Dear Connor Wilson, Peter Tumbas, and anyone else who thinks sleeved undershirts should always be mandatory,
You East Coast elitists just don’t understand. West Coast & Florida players are different than you and your thirteen colony brethren. As you preach about same colored undershirts and how sleeves are always required, you are speaking before you fully understand the vast number of differences between yourself and laxers of the West Coast.
Let me break it down for you.
(Editor’s note: For the sake of the argument, we’re throwing Florida bros in the West Coast bucket throughout the rest of this article… if that’s what you want to call it.)
Most West Coast lacrosse players have grown up wearing sleeveless shirts (i.e. tanks) on a regular basis. Whereas, East Coast players like you only started learning about tanks when a kid named Brantford wore one in a YouTube video that went viral, and then the Florida Gators brought them to market. (Side note: Rumor has it the Gators funded their entire 2010 season off those sales. Now they’ve taken over 412’s Facebook page.)
86% of college lacrosse players in California call this their dorm room:
Meanwhile, only .14% of East Coast laxers live near a beach year-round, and those of you that do always wear heavy sleeves at the beach in case the Montauk Monster comes ashore.
I’ve heard rumors of one laxer even wearing his arm guards while wakeboarding.
West Coast players – many of which reside on the Cal Poly lacrosse team – breathe individuality. They enjoy being comfortable on the field, and as opposed to a Georgetown mentality, there’s nothing holding them back from wearing what they want to wear. They could really care less what an outsider thinks.
Whereas, almost every* player on the East Coast conforms and dresses like Chuck Bass.
*Alright, maybe that’s just the author of 412 Lax.
Truthfully, players from the West just aren’t as in tune with the East Coast ways. For one, their coaches do not carry the same uniform values as those coaches at top D1 programs of the East. I know of many MCLA coaches who don’t want anything to do with team uniform choices, opting to throw the responsibilities on team captains.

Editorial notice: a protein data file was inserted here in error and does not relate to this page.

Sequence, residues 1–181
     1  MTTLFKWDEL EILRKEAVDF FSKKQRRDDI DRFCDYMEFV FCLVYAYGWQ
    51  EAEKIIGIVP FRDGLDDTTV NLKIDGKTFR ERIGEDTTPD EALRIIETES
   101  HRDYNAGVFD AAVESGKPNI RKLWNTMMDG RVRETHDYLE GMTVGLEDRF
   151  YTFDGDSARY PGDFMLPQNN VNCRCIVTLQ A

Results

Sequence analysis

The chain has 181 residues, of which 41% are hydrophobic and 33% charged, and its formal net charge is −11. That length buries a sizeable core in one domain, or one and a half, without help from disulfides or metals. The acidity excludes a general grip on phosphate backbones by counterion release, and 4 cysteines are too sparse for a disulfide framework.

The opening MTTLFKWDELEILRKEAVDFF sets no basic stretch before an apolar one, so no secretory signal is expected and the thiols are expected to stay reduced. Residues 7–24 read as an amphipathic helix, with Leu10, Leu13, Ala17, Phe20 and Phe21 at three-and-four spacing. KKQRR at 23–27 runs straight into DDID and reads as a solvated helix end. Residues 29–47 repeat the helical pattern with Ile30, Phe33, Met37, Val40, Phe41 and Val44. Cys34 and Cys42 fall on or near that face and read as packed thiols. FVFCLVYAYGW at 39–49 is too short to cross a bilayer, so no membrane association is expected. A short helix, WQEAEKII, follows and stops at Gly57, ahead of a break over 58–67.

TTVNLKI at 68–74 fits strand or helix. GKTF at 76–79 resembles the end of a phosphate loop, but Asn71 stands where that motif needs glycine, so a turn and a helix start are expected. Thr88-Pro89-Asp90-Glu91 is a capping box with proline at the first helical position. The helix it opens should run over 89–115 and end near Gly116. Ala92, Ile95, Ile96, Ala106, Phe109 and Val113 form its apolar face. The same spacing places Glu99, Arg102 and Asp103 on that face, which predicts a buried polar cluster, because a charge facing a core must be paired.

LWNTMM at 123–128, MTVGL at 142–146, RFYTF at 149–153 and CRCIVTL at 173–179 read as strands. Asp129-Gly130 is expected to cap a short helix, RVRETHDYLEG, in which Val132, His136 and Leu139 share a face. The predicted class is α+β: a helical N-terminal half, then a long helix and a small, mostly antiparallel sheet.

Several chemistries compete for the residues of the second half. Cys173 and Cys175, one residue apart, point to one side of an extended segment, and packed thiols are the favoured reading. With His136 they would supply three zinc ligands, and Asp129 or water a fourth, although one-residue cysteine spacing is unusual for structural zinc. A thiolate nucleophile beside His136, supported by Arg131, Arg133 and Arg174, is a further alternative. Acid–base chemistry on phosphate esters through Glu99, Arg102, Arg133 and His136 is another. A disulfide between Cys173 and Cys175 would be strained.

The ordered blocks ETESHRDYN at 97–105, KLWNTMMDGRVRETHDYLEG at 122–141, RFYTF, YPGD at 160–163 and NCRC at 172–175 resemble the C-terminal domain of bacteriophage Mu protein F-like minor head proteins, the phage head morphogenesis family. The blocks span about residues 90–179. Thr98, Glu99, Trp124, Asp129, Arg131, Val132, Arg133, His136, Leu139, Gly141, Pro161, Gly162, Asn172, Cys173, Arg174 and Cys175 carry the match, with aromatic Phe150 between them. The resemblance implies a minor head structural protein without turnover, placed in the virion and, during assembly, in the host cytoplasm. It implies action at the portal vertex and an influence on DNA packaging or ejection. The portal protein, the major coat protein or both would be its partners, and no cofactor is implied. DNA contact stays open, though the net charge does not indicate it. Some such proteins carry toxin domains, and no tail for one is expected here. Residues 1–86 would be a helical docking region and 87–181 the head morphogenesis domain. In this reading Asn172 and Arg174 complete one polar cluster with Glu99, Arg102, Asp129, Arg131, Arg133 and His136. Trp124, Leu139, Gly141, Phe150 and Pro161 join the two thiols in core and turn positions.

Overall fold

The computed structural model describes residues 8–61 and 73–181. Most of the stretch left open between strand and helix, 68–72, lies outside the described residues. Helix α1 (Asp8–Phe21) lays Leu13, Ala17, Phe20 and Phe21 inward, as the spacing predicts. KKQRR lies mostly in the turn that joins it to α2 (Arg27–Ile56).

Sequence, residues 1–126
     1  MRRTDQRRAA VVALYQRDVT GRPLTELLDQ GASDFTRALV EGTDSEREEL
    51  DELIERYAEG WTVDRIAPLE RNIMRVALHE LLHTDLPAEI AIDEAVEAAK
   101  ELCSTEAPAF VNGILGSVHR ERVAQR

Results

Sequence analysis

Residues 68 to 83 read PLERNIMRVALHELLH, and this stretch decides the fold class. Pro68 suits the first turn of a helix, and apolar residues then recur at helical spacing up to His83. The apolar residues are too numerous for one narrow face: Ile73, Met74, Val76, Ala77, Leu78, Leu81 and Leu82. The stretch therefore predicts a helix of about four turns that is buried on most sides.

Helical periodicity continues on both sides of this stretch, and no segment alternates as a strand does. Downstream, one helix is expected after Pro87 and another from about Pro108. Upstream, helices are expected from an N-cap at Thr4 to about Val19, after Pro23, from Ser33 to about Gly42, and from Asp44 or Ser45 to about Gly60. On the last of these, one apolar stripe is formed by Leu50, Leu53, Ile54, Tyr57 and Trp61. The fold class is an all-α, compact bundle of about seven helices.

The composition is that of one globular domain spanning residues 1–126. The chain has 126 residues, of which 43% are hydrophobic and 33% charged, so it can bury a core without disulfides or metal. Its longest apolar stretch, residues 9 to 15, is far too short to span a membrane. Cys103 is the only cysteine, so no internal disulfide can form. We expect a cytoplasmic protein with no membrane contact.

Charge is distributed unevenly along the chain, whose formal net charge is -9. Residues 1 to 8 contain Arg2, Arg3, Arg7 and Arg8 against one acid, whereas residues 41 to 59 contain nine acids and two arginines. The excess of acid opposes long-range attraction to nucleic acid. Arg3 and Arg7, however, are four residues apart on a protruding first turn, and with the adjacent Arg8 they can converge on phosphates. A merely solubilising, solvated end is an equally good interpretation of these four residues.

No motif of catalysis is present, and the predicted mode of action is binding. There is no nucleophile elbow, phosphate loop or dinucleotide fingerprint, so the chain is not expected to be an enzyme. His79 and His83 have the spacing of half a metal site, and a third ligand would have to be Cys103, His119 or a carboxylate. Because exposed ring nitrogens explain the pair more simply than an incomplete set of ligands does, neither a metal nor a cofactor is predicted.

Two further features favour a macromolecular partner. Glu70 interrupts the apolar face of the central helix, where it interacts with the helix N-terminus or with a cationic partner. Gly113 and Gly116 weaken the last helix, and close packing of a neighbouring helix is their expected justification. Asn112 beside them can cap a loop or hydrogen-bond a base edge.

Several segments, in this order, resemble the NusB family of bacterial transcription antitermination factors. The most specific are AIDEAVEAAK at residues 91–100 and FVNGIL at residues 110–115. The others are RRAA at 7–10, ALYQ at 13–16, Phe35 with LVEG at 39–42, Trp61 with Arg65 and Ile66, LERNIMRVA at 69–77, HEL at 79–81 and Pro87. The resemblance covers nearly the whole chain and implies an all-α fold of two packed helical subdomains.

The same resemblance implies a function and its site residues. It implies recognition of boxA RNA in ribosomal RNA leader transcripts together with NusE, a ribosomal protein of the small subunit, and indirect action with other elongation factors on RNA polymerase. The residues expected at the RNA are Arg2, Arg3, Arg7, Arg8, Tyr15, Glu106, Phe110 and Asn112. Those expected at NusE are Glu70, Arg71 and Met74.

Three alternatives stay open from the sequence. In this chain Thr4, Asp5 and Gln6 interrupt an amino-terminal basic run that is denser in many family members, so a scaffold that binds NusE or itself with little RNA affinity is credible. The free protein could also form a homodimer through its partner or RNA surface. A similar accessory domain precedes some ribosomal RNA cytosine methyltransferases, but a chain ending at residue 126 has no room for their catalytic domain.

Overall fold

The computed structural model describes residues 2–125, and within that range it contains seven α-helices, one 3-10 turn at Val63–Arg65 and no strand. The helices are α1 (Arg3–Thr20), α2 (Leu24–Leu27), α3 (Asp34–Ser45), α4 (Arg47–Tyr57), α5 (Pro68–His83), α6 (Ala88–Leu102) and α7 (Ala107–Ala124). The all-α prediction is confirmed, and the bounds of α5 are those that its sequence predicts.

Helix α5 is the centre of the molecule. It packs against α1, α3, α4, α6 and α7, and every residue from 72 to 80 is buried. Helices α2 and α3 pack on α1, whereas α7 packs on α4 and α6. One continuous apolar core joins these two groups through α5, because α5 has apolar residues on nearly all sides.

So you see, there truly are differences between you and them. Not everything is black and white. And in fact, if you’re not careful, someday you might see a lacrosse player try to pull off one yellow sleeve.
And Now, Some Advice For The Youngins…
White tees are NOT the answer.
Sleeves are NOT the answer.
Conforming is NOT the answer.
Giving a crap about what other people think is NOT the answer.
The answer is actually much more simple…
Work hard. Play your game. Wear whatever makes you feel good.
Marylin Manson did not become popular because he dressed like Willie Nelson. Willie Nelson did not become popular because he dressed like Elvis.
Who cares what Georgetown wears? A high school kid aspiring to play D1 ball? Sure. But a college student-athlete with nothing but focus on his own team’s national championship birth? Nope. Why on earth would he even have Georgetown on his mind to begin with? Why?
Guidelines were made to guide, not require. Rules were made to be broken. And in many cases, sleeves were made to be torn.
Hopefully, by the end of your collegiate career, you will have learned what it means to play lacrosse. It’s not about the undershirt.
And The Winner Is…
It was a very tough decision, but after reading through all the answers, I’ve picked SAM ELKIND for his creative, hilarious take on undershirt requirements. The truth is, Sam’s right. When it comes to style and gear, there are much more important things to focus on than an undershirt. Like making sure you have a good barber, for example.
(Editor’s note: Sam Elkind – Email your mailing address to email@example.com and we’ll hook you up! Also, free stickers to anyone who can connect Lance Armstrong to this post.)